Investors say 2012 will be a good year, but India may not benefit

Investors say 2012 will be a good year, but India may not benefit

Mumbai: One in every five limited partners (LPs)—investors in private equity (PE) firms—across the globe says it will reduce its exposure to private equity in Europe because of the sovereign debt crisis even though this doesn’t imply a reduction in investors’ overall private equity exposure.

The increased allocation by LPs may be good news for other emerging markets, but not for India. The Indian private equity industry failed to perform as well as other emerging parts of the region, said Hiro Mizuno, partner at Coller Capital, on the phone from London. “They even underperformed compared with Japan and other developed regions. From an investors’ perspective, if India is an emerging market, but hasn’t delivered as well as the Japanese PE market, what’s the point in taking the extra risk?" asked Mizuno.

India doesn’t have its own set of home-grown LPs and it is very difficult for investors to keep investing in a market where there are no domestic investors, Mizuno added. “You don’t really have Indian LPs, which is really tough because GPs (general partners) either have to live with a very small fund or have to depend on foreign investors."

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GPs are the managing partners of the private equity fund. LPs in PE firms see major challenges for investments in the next few years as a majority of them have so-called “zombie" funds in their portfolio.

Zombie funds are those investments that have become inactive and are not expected to make a profit. Those who have invested in such funds are not sure whether they have the ability to salvage these investments, said the Coller Capital report.

Only one in five LPs expects to participate in the “first close" of the majority of funds to which it commits.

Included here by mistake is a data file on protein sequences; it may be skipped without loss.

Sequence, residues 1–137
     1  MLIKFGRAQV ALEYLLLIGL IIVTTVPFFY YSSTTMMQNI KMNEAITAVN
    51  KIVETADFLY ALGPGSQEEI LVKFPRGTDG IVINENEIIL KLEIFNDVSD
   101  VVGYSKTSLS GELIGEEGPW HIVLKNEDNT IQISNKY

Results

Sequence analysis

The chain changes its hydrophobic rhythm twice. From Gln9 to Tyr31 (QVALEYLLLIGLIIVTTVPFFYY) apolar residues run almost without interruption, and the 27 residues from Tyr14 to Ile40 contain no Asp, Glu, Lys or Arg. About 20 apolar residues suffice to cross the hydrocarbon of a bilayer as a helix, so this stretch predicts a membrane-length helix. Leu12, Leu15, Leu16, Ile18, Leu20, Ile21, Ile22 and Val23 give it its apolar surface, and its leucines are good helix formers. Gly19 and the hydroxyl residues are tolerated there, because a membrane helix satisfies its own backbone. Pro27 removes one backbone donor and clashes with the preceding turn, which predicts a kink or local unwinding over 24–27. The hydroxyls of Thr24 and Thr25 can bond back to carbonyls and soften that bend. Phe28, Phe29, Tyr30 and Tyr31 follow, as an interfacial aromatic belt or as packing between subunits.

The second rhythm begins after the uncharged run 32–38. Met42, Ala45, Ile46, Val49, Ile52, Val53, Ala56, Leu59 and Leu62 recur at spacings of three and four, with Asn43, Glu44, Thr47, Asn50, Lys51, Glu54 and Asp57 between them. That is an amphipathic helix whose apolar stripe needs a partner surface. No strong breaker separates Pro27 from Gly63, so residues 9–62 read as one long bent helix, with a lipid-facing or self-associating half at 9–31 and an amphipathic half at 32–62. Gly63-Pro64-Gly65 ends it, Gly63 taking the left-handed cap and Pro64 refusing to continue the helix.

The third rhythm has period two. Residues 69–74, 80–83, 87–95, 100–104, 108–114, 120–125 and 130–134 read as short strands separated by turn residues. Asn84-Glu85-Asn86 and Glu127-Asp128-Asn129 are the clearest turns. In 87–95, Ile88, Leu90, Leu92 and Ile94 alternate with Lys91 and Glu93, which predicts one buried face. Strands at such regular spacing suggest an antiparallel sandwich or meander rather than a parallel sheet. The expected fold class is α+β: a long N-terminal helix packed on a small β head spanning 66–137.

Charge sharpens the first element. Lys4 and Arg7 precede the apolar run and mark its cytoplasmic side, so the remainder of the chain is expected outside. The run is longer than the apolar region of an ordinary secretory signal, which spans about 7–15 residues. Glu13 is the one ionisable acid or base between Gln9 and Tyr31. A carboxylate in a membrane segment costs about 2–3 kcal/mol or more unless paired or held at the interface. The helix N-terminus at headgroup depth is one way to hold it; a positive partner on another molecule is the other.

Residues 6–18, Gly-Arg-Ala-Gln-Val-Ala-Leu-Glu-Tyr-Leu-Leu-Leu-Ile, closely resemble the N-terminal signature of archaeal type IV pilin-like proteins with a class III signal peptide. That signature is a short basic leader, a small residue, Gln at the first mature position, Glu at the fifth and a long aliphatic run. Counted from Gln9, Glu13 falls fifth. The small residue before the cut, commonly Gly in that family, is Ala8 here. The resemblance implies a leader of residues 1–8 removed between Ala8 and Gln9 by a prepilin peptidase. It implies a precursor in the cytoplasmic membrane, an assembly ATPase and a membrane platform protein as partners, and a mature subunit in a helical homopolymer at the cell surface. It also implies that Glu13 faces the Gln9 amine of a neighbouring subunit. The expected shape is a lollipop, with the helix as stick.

First close refers to the official establishment of a PE fund partnership when the first investor commitment is received.

Nearly half the 107 LPs surveyed by Coller Capital believe they have funds in their portfolio which have not performed very well and where the general partners (GPs) have little chance of getting carried interest or carry—a nearly 20% share in a fund’s profit that goes to fund managers at the end of a fund’s life cycle. The feeling is particularly prevalent among North American investors 57% of whom claim to have invested in “zombie" funds.

“Zombie fund GPs have no incentive to exit assets quickly and shut funds down because they will both be giving up on management fees and throwing away any remaining chance of getting ‘into carry’," said Mizuno.

Fund-raising will be difficult with 93% of LPs refusing investments in a follow on fund in the next 18 months and reductions in commitments will be common, the report said. Also, these fund-raising challenges have become more significant with pressure on LPs to delay even the commitments they do make.

Twenty per cent LPs expect to participate in the “first close", compared with 17% of 107 LPs surveyed say they will never make a first close.

“LPs are very cautious as their regulatory concerns are high. They want to spend more time than ever in due diligence. Unlike in 2006 or 2007, they are also less worried about funds being oversubscribed," said Mizuno.

Meanwhile, 87% of private equity investors have already received “investment period" extension requests for some funds in their portfolios, and 78% of LPs expect to receive more such requests in the next two-three years.

Despite these worries, investors generally believe 2012 will be a good or excellent vintage year. One-third of LPs expect returns of more than 16% from their private equity portfolios and half of them expect 11-15% return. The biannual Global Private Equity Barometer report, released on Monday, says investors expect the best investment opportunities for GPs in the next couple of years to come from corporate disposals and sales by families/entrepreneurs.

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